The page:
By Robert Hackett
August 21, 2018

Microsoft said starting Tuesday it will offer free cybersecurity tools to U.S. political candidates, campaign offices, and affiliated groups ahead of the midterm elections.

Microsoft made the protections available after disclosing that last week it had thwarted a digital attack in the making by a group of hackers linked to the Russian government. The tech giant said it had taken over six spoofed internet domains associated with the U.S. Senate and two conservative think tanks that were likely to be used in espionage-related phishing attacks.

“This initiative will provide state-of-the-art cybersecurity protection at no extra cost to all candidates and campaign offices at the federal, state and local level, as well as think tanks and political organizations we now believe are under attack,” said Brad Smith, Microsoft’s president and chief legal officer, in a post on the company’s blog.

The cybersecurity service, dubbed Microsoft AccountGuard has three parts, as laid out in another blog post. First, it includes threat detection and security notifications across people’s work and personal email accounts. Second, it offers educational materials and live training sessions for participating organizations. And lastly, it provides these groups with early access to new security features.

There are stipulations: Microsoft’s free tools are available only in the U.S. and only to customers of Office 365, the company’s flagship enterprise software suite. Smith said the company is looking to expand its offerings to additional countries “in the coming months,” Smith said.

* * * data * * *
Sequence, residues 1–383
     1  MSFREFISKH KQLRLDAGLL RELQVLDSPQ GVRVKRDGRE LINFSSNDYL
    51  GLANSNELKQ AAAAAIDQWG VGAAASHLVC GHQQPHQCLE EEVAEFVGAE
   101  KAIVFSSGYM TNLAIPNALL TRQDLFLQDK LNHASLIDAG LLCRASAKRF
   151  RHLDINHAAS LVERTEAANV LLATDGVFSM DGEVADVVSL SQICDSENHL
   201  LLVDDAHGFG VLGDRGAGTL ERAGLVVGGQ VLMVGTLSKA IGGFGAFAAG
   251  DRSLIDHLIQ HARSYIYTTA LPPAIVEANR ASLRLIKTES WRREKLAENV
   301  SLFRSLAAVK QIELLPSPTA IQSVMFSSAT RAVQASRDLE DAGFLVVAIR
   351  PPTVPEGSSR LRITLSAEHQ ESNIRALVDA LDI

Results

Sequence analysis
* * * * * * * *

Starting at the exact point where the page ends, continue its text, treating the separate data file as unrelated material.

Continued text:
Microsoft’s release follows the debut of similar efforts by other tech giants. Google began offering stronger account protections for risk users last year as well as free website defense services to U.S. political groups in May. And Facebook has undertaken a number of measures—ranging from eliminating fake accounts, boosting ad transparency, and curbing fake news—since the fall.

Microsoft said its AccountGuard tools are an extension of its “defending democracy program,” an initiative the company unveiled in April that aims to bring together governments, tech companies, academia, and the public to secure the integrity of the electoral process.

“We can only keep our democratic societies secure if candidates can run campaigns and voters can go to the polls untainted by foreign cyberattacks,” Smith said. “We’re committed to doing our part by helping to protect candidates and campaigns in preserving their voices and votes no matter what party they support.”

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